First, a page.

The Offseason Isn't Over Yet: Senators Sign Tyler Motte
The Ottawa Senators’ offseason isn’t over just yet.
It is not the top-four defenceman that this team so desperately needs, but the Senators have inked free agent forward Tyler Motte to a one-year deal worth $1.35 million.
Motte spent most of last season playing for the Vancouver Canucks before being moved to the New York Rangers in a deadline deal.
The forward has played parts of six seasons in the NHL, but last year was the first that really solidified him as a quality depth option.
In 58 games, Motte contributed seven goals and 15 points while averaging 14:01 of ice time. All of that damage came during his time with the Canucks. In the nine games that he played with the Rangers following the deadline, Motte was held pointless.
Where Motte will be expected to play a large role will be on the penalty kill. Connor Brown and Nick Paul averaged more than two minutes of shorthanded ice time last season and they will need those minutes replaced. Motte averaged 1:50 of shorthanded ice time per game last season, which was tied for the 64th highest workload in the league amongst forwards.
Motte’s production may not have been strong following his trade, but his underlying metrics improved playing a smaller sample on a much better team. Across those nine games at five-on-five, the Rangers outshot the opposition (55.92 CF%), put more shots on goal (56.25 SF%) and created more expected goals (56.26 xGF%). This improvement was a contrast to the sub-50 percentages that he was posting in Vancouver.
Unlike many of his previous years, Motte’s isolated impacts took a marked step forward per HockeyViz.
Motte’s isolated defensive impact was strong and represented pretty sizable departure from his previous years.
Whether last season is a statistical outlier or not is the question, but at the very least, Motte demonstrated that he could provide strong defensive depth minutes while creating some modest offensive numbers.
Although Motte has some NHL experience playing down the middle, it has not happened regularly. In his career, he as only taken 151 faceoffs with a career success rate of 37.1 percent.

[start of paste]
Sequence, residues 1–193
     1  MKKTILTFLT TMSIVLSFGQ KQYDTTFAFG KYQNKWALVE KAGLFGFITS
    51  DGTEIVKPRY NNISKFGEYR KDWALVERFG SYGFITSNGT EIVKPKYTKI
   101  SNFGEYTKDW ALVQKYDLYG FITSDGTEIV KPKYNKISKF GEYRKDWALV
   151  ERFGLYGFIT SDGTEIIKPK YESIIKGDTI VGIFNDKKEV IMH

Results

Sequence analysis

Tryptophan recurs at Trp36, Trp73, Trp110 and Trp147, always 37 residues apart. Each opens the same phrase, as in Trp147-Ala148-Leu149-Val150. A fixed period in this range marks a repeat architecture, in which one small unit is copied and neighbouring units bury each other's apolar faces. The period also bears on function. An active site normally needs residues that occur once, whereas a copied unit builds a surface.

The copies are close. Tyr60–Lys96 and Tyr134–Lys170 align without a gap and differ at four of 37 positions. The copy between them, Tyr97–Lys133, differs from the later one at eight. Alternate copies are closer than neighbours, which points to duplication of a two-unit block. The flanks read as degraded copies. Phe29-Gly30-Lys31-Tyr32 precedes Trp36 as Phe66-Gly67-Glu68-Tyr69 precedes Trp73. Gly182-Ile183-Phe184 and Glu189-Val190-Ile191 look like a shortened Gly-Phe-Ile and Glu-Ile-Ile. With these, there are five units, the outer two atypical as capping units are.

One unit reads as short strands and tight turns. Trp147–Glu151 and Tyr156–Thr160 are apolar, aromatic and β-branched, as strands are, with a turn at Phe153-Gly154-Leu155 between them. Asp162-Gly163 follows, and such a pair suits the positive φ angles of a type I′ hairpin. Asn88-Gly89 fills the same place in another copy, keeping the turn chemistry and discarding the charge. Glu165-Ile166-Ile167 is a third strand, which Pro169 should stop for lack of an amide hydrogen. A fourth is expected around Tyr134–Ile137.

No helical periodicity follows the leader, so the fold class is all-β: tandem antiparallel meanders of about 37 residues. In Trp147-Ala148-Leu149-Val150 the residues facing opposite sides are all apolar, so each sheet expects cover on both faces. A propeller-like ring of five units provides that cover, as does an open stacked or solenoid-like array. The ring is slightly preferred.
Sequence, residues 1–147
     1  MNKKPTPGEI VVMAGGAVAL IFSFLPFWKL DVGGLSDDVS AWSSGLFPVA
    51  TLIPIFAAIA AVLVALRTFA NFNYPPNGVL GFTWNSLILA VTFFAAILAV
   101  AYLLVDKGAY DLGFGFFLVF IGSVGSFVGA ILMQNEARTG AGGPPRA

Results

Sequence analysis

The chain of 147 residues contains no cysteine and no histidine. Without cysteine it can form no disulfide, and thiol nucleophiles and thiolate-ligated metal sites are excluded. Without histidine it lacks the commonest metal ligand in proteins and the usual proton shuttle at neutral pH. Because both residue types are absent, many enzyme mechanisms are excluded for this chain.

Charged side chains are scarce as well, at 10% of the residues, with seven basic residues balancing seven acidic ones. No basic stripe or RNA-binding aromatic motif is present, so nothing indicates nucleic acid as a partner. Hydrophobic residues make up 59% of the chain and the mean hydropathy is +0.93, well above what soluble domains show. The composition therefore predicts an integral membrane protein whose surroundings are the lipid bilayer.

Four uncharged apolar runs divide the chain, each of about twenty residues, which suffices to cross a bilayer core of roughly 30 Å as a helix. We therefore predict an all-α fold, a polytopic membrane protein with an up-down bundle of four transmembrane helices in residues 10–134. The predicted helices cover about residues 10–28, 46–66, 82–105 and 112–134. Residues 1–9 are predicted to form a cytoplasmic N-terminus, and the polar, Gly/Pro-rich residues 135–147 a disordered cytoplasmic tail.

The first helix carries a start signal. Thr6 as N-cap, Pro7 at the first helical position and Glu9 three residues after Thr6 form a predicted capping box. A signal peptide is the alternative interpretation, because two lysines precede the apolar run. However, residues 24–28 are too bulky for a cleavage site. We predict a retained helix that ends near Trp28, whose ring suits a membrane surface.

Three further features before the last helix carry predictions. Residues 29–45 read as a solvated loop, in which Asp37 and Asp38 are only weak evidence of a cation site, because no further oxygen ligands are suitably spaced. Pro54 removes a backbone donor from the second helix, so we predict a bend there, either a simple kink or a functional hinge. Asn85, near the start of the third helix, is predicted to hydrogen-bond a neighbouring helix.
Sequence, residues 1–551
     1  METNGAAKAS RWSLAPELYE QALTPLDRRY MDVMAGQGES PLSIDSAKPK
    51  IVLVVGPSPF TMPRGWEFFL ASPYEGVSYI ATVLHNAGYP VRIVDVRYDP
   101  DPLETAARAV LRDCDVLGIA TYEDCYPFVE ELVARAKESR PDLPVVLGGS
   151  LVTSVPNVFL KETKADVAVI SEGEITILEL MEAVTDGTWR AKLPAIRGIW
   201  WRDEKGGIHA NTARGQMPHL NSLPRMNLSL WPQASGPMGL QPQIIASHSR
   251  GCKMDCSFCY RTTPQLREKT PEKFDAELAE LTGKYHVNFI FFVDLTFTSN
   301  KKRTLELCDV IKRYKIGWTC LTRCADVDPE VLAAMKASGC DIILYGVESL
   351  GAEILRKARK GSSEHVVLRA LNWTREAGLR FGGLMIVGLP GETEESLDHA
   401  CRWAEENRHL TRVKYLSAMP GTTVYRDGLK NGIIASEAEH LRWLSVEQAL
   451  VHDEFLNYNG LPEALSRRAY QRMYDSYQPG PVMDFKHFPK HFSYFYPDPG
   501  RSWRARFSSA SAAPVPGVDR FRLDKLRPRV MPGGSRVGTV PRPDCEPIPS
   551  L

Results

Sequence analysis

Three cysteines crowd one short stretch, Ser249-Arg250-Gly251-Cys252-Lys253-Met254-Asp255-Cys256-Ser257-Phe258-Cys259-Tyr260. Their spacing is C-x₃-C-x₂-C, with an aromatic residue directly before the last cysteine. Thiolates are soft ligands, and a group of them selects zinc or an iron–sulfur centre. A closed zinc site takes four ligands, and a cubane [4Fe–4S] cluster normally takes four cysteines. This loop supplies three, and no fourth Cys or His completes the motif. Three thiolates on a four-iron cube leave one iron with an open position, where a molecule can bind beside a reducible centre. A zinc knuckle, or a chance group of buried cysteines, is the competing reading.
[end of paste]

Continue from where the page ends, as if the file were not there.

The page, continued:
His addition affords the Senators more depth and flexibility. As someone who can take draws, perhaps he represents an upgrade on a player like Dylan Gambrell. And if the Senators are convinced that prospects like Ridly Greig, Parker Kelly or Mark Kastelic need a little more seasoning in Belleville before they become regulars in the lineup, Motte’s presence certainly should afford them that time.
Per the team’s official press release, general manager Pierre Dorion had the following to say about the signing.
"Tyler is a tenacious checker who plays the game with pace. He's a strong penalty killer and another competitive person who adds to the depth of our group."
The elephant in the room is that the World Junior scandal still lingers over the league. Until the investigation of the matter ends and its results are made public, the uncertainty facing Drake Batherson and Alex Formenton will continue to hang over this team.
Dorion has refused to address the scandal or the status of his players and today’s press release did not shed any light on any concerns the Senators had. The general manager has preferred to defer to the league on this subject. In saying that, the organization has absolutely talked to the players involved and investigated what they could on their own. The Senators should have an understanding of their players' involvement (if any) by now.
It's reckless to speculate publicly on either player's future, but this will only fuel it more because of the role and position Motte plays. In guaranteeing Motte a contract at a time when PTOs are being offered up around the league, it certainly isn’t going to help curb that line of thinking — even if Motte is viewed strictly as an inexpensive and short-term upgrade on what is already here.
The radio silence about Batherson and Formenton is deafening. I know we shouldn't speculate or rush to assumption, but it's hard not to worry as a fan. Hope we get some clarity sooner rather than later.